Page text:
School of Public Policy Increases Involvement in Asia
Posted: April 26, 2005 at 1:00 am, Last Updated: November 30, -0001 at 12:00 am
Aware that the continuing economic development of Asia will play a critical role in “our global future,” Mason’s School of Public Policy (SPP) is working with partners in the region to develop policy programs, according to Dean Kingsley Haynes.
“China and India were identified by the SPP faculty as areas of important concern. Of course, these two countries represent half the world’s population, and SPP has had overseas work in these places, including student overseas studies, for five to seven years,” says Haynes, who recently returned from a trip to the region.
The purpose of his trip was to cement SPP’s continuing ties with China in general and with Tsinghua University’s School of Public Policy and Management (SPMM) in particular, Haynes says. SPP and SPPM are working together to develop four research projects: an economic development project in Beijing; a transportation project in Shendong Province; an infrastructure and entrepreneurship project in the Pearl River delta; and a regional development project in the Autonomous Administrative Prefecture of Mongolia in Xianiang.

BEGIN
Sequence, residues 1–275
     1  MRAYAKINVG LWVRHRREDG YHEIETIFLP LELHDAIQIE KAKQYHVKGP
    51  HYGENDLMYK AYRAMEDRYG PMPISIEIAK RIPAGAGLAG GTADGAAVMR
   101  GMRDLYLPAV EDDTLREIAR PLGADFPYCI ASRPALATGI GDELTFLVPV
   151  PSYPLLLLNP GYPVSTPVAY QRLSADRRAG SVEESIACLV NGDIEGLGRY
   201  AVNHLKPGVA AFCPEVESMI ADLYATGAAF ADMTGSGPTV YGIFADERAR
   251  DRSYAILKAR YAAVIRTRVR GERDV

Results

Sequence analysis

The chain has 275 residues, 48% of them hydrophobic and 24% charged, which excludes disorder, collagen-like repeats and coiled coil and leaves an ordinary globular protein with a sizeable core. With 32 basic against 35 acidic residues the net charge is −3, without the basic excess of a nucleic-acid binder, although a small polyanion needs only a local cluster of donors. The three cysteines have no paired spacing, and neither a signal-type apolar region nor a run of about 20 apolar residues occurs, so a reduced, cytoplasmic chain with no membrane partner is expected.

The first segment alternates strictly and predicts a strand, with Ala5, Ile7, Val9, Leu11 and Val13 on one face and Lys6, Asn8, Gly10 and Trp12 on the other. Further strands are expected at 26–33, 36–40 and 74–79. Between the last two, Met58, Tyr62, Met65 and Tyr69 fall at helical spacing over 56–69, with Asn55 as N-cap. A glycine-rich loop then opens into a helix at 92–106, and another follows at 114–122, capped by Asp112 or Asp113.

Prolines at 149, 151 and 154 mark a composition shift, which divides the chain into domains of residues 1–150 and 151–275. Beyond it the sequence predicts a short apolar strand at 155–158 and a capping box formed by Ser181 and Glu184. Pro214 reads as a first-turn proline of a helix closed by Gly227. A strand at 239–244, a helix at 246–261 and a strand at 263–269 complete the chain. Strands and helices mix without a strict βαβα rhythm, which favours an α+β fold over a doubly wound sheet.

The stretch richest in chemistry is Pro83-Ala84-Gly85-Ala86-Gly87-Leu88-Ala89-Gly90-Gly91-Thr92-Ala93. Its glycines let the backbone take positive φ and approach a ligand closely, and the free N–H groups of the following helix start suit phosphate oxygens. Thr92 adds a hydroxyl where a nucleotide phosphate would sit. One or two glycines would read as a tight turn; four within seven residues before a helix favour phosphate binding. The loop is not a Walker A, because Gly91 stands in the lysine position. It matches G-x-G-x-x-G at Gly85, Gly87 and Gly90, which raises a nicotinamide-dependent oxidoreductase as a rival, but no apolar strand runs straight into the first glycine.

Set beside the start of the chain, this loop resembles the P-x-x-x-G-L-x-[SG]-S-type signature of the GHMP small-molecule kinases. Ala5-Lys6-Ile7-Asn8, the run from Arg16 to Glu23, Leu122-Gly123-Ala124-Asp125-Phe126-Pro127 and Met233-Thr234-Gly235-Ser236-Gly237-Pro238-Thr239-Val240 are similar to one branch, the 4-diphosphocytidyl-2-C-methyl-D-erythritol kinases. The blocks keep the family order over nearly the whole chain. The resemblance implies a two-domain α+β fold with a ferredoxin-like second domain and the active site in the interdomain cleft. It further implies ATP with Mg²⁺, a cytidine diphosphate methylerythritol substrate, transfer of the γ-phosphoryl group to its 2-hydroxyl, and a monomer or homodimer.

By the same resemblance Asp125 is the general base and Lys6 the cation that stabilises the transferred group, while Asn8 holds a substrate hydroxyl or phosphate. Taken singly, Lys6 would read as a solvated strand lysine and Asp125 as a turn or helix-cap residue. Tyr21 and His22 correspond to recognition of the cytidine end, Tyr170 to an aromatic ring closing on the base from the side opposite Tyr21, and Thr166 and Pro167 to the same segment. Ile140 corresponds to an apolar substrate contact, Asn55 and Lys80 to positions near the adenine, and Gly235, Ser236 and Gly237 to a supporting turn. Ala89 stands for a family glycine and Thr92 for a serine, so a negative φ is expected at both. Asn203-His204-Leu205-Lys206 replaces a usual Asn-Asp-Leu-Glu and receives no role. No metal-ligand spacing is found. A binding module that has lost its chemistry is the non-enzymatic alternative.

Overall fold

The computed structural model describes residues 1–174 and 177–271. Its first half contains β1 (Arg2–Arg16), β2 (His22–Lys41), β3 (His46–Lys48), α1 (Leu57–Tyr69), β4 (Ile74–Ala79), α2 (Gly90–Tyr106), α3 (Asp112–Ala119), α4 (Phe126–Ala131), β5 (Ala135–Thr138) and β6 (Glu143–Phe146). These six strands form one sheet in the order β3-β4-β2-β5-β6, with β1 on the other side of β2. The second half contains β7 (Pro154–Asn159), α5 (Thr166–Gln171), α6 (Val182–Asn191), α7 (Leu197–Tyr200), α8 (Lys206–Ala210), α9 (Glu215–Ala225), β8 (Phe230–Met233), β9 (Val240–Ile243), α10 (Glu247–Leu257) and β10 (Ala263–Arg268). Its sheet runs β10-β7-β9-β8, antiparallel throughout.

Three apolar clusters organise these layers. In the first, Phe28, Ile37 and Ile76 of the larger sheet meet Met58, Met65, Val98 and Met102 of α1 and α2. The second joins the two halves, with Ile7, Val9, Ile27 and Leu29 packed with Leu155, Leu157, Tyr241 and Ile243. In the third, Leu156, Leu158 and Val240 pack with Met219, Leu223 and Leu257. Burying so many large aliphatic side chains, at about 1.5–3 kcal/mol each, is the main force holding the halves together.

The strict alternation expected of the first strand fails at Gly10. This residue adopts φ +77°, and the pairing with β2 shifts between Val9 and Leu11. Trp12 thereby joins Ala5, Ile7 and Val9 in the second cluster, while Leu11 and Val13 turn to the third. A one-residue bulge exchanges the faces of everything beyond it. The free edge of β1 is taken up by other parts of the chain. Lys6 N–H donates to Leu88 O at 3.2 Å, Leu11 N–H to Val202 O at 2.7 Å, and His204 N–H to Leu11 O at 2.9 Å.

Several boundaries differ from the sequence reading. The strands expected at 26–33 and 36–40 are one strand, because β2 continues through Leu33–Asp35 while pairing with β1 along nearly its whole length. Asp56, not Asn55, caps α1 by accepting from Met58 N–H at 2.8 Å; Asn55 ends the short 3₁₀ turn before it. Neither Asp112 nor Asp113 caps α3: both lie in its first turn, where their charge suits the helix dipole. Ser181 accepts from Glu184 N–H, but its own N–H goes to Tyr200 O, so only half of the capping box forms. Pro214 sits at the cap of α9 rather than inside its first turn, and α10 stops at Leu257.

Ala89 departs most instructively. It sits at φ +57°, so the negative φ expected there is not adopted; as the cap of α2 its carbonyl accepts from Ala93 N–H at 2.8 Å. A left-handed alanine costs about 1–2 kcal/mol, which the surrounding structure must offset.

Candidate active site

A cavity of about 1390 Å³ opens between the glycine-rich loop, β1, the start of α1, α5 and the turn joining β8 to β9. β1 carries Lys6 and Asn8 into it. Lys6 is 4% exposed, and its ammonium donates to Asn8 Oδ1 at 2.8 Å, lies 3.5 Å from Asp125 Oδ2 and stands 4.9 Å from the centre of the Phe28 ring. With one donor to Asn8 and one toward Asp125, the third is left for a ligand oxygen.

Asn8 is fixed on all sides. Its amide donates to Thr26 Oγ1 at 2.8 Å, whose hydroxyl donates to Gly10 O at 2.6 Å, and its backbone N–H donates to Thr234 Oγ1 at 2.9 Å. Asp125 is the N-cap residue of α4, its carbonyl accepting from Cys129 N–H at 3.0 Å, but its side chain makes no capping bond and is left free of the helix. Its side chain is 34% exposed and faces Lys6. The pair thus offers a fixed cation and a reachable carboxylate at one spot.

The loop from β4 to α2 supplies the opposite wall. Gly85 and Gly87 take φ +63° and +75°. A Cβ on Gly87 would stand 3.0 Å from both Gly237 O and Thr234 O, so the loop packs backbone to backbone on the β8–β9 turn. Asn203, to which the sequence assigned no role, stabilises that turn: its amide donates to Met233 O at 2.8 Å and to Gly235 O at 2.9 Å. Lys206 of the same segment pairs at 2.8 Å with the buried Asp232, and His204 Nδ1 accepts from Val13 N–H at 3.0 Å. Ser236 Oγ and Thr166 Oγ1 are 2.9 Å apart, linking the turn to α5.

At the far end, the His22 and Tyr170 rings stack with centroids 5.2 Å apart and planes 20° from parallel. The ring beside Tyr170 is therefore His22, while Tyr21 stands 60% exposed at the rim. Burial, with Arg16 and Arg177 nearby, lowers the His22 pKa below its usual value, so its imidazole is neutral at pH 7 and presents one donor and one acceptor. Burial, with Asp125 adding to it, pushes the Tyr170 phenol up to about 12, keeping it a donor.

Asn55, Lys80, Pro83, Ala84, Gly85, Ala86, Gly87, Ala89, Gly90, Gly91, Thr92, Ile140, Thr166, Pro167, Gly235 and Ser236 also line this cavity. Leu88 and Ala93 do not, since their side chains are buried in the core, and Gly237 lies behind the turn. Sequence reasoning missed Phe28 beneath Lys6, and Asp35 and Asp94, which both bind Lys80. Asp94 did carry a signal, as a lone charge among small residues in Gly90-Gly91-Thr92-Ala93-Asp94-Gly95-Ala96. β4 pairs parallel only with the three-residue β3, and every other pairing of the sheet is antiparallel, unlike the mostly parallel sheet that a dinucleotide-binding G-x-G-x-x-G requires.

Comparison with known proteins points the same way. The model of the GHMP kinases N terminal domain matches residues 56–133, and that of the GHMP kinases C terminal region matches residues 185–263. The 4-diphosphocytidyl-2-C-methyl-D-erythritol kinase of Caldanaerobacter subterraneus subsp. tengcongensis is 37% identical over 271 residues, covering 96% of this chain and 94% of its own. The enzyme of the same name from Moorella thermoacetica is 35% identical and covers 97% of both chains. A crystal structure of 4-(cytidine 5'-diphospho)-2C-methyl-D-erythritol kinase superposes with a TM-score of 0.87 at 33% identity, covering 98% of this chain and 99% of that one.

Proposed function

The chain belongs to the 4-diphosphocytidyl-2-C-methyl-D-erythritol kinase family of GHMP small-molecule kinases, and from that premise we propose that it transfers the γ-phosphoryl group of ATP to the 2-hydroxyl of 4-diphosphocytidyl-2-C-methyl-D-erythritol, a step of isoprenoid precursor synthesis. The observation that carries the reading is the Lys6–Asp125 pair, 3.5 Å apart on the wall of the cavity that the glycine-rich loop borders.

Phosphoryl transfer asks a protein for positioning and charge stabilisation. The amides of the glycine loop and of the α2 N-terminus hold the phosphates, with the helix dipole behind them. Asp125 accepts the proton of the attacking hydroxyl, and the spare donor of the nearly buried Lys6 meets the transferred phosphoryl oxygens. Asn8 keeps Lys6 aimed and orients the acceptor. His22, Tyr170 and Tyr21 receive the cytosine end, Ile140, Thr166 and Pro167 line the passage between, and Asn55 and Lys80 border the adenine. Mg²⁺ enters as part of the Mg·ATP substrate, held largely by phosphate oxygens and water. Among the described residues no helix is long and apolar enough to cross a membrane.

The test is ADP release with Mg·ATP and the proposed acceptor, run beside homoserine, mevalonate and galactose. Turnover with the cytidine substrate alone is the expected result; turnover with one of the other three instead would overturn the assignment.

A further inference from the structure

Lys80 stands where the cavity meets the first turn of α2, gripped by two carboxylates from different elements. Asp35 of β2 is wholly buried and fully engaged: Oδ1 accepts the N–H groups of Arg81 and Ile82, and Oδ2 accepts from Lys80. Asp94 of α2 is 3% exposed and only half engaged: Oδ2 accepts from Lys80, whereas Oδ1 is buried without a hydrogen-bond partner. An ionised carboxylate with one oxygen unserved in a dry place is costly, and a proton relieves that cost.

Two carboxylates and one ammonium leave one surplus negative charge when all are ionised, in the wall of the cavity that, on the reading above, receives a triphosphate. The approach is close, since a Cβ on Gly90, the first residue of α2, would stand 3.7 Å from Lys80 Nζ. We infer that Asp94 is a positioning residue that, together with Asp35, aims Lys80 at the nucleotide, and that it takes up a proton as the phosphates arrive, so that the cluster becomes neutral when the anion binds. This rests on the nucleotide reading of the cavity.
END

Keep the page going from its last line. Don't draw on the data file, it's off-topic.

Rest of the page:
While in China, Haynes visited research sites and lectured. He also met with university and government officials at East China Normal University in Shanghai. Before returning to the United States, he traveled to Taiwan to give a series of lectures to public affairs graduate students at National Sun Yat-Sen University, where SPP has a cooperative agreement.
Last December, Haynes and SPP professors Roger Stough and Tojo Thatchenkery went to India for the opening of a joint project with the All Indian Management Association. The project, the Center for Public Governance, conducts research and provides governance-related training for public officials and citizens. Stough hopes the center will help India reach and sustain the double-digit growth rates that have characterized development takeoffs of other Asian countries such as Korea, Taiwan, Singapore, and China over the past three decades.
At the kickoff of the Delhi-based center, Stough gave the keynote address. On the following day, Stough, Haynes, and Thatchenkery led a variety of workshops and panel discussions. The Mason team will continue to provide research and policy analysis support as the center grows to serve the entire country.
In addition to its international projects in Asia and India, SPP has links to programs in Sweden (Jonkoping International University), the Netherlands (Delft, Erasmus, and Leiden Universities), the United Kingdom (Oxford University and the London School of Economics), Belgium, and Spain.
This article originally appeared in SPP Currents in a slightly different format.